Je gebruikt een verouwderde browser. Upgrade je browser voor een betere surfervaring op deze website.

Building a persona in 4 steps

Use personas to know your audience, says Omar Mohout, author of From Idea to Product/Market Fit

Using personas to know your audience

A persona is a marketing concept that helps you to pretend it is the person to tell your story to.

The average user doesn’t exist. Yet, it make sense to create groups of people in your target audience that share the same characteristics. That’s what is called a “persona”.

Behind that persona are real people who you will be talking to at some point. It’s highly advisable to use at least 3 different personas. For business- to-business products, create a separate persona for the various roles who are involved in buying your product or service. A company may have multiple buying personas. Typically they are:

  • Ambassador: does the internal selling and has access to the decision-makers;
  • Sponsor: has enough clout in the company, regardless of title, to push it through, even if there is no budget for it;
  • Financial sponsor: authorising the budget and negotiating the deal.

from idea to product

In B2B, the return on investment (RoI), the depth of client relationship, the decision-making process, perceived risks and the industry context are all of paramount importance. Make sure you take them into consideration when creating personas. Using a persona is also useful in creating different landing pages, at least one for each persona. Each landing page should speak to the persona answering one of their pain points, using language the persona understands.

 

Building a persona in 4 steps

STEP 1
Answer the following questions:

PERSONA NEED WANT BUY
Who am I serving? What do they need? What can I offer? How can I reach them?

Example:

Founder

Example:

Price Setting

Example:

Pricing Framework

Example:

Book on Amazon

STEP 2
Create a fictional persona that represents your customer providing the details below:

  • Name

  • Education/Occupation

  • Other relevant details

  • Service attitude: Do-It-Yourself / Advice seeker / Delegator
    Is your persona someone who figures everything out on his/her own?

persona

Provide context

STEP 3
Describe your persona in the context of the (future) service. What are his or her objectives, both rational and emotional? Be sure to use characteristics that you indicated at Step 2.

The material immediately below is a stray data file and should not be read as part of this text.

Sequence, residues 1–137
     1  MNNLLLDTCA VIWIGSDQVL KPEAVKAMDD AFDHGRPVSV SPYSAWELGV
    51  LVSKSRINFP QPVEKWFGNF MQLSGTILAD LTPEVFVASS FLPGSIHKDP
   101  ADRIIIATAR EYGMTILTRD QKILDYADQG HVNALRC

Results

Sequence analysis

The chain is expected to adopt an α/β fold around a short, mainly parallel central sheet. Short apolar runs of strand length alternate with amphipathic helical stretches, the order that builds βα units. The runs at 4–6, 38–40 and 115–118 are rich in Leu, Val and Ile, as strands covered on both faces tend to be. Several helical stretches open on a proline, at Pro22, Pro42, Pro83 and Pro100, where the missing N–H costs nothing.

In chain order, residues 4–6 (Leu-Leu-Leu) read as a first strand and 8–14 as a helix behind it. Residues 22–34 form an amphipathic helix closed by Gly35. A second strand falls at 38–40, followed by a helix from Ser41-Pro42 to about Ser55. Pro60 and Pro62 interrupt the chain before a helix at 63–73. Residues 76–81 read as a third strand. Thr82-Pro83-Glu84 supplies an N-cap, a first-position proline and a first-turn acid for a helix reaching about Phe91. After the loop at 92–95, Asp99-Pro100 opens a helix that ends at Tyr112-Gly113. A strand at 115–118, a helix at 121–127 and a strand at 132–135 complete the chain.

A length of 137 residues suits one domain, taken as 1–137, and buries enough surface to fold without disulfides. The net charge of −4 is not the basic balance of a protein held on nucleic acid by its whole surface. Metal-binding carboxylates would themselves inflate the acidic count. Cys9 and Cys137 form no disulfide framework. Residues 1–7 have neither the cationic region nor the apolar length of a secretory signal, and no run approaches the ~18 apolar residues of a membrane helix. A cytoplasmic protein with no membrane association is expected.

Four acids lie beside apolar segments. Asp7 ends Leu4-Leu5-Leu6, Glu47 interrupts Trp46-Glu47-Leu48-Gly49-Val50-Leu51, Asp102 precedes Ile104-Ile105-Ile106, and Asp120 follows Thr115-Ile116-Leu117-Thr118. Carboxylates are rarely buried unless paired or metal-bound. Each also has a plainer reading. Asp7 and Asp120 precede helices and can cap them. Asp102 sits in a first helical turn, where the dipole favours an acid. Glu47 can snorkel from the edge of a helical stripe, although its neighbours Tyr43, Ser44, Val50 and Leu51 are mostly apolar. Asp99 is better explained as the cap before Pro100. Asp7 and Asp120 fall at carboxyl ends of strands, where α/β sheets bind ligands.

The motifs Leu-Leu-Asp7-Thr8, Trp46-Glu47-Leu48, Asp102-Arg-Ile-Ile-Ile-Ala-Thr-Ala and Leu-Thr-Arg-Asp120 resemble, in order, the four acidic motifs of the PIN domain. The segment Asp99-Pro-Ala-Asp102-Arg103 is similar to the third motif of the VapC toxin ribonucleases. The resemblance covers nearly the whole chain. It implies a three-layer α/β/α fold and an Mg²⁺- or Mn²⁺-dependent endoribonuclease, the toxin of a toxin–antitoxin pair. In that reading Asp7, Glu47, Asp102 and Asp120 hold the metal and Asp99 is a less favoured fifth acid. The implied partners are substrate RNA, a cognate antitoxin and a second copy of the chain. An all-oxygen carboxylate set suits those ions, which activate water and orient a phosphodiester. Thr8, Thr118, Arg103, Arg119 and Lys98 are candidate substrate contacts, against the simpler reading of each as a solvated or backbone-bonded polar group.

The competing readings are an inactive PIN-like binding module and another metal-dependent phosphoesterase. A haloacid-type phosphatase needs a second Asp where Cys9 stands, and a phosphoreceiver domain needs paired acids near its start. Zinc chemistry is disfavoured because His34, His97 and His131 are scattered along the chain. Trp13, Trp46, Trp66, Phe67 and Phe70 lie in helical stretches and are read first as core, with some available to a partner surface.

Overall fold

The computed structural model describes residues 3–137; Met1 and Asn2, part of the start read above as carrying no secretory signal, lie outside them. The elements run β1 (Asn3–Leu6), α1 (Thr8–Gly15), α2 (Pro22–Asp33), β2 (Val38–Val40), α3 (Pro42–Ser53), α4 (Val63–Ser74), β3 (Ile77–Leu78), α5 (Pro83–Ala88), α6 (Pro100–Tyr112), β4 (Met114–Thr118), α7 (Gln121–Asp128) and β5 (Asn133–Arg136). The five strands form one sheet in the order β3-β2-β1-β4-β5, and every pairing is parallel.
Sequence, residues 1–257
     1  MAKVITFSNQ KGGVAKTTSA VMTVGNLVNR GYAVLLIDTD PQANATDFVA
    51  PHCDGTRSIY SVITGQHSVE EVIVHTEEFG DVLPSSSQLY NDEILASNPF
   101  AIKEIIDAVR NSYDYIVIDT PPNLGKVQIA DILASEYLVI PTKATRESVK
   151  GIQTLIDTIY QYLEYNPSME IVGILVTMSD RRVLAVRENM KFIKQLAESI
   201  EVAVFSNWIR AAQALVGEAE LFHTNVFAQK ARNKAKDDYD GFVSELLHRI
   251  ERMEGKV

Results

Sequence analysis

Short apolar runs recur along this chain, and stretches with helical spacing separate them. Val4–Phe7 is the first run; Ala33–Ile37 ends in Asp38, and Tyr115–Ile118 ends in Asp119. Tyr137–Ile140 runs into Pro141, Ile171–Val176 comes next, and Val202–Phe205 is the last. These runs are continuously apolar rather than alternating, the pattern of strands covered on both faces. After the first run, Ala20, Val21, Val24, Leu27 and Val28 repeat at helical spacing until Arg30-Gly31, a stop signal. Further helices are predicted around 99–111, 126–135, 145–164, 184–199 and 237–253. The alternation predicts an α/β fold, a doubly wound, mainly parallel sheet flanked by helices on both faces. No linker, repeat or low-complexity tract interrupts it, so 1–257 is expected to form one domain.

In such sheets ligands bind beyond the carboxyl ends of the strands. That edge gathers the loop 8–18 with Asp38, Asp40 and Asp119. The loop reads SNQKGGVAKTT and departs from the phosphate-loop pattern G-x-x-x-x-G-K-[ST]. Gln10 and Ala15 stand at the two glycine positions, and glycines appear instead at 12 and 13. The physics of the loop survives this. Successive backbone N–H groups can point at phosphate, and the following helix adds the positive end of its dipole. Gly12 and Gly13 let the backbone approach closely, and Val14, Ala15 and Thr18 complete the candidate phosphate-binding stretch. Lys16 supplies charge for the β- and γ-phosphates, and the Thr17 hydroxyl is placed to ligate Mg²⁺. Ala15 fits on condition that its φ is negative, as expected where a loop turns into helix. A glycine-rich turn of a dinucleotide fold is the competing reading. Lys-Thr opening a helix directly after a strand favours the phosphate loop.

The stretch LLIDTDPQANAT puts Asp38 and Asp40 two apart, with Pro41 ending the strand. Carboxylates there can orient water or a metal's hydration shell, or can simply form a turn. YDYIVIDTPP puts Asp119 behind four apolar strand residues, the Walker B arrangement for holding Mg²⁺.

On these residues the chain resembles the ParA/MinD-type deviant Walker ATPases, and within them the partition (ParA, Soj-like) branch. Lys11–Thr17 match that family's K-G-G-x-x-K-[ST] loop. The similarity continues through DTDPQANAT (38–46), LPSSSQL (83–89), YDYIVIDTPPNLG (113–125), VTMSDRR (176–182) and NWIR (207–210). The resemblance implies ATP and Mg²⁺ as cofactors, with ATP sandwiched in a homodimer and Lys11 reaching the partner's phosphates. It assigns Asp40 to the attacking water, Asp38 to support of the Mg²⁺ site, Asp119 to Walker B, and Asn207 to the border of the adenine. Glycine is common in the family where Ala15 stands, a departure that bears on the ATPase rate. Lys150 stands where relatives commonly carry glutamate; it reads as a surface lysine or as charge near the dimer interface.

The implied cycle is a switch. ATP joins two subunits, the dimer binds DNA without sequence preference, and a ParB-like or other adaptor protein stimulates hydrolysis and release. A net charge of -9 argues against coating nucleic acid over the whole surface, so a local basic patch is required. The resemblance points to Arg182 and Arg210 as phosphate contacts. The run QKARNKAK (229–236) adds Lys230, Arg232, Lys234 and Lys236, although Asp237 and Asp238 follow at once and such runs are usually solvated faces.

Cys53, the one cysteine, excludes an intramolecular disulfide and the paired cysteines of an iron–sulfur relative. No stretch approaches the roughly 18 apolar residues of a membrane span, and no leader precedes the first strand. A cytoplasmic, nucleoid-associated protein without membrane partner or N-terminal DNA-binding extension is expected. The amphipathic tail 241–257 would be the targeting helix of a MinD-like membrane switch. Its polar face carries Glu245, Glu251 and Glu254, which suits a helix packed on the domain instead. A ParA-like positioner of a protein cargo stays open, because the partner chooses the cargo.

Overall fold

• Who are they?

  • Where are they?

  • What do they need?

  • Who are the people they follow and like the most?

  • What do they read?

  • What do they eat?

  • How do they speak?

  • What tools do they use?

  • What are their problems?

Make a list with answers to the following questions:

happyWhat can make your customer happy when using the service?

 

sadWhat can deter your customer from using the service?

 

 

In-depth analysis

STEP 4
360° view:

SOCIAL 

OCCUPATIONAL 

SPIRITUAL 

PHYSICAL 

EMOTIONAL 

COGNITIVE

 Relationships

Career

Peace

Habits

Needs

Education

 Attitude

Ambition

Harmony

Physical Activities

Wants

Learning ability

 Empathy

 Satisfaction

Values

Disabilities

Desires

Reading ability 

Interaction 

Achievements 

Purposes 

Lifestyle 

State of mind 

Open to ideas 

Communities 

Development 

 Wholeness

Gender 

Feelings 

Curiosity 

Families 

Financial 

 Commitment

Health 

Sharing 

Planning 

Friends 

Drive to succeed 

 

Stress 

Stress 

Tech 

     

Preferences

Self-awareness

Use of technology

Improve your chances of success

succes

Understanding a market and creating personas is something early-stage startups don’t like doing. They want cool products, funding, website traffic, users and plenty of press coverage. Yet, all these are an effect, not a cause. Doing research, sales and customer development greatly improves the chances of success.

 

 

 

 

Meer lezen? 

» Vraag het boek hier aan

from idea to product   market fit


Lees ook

Blijf op de hoogte en schrijf je in op onze nieuwsbrief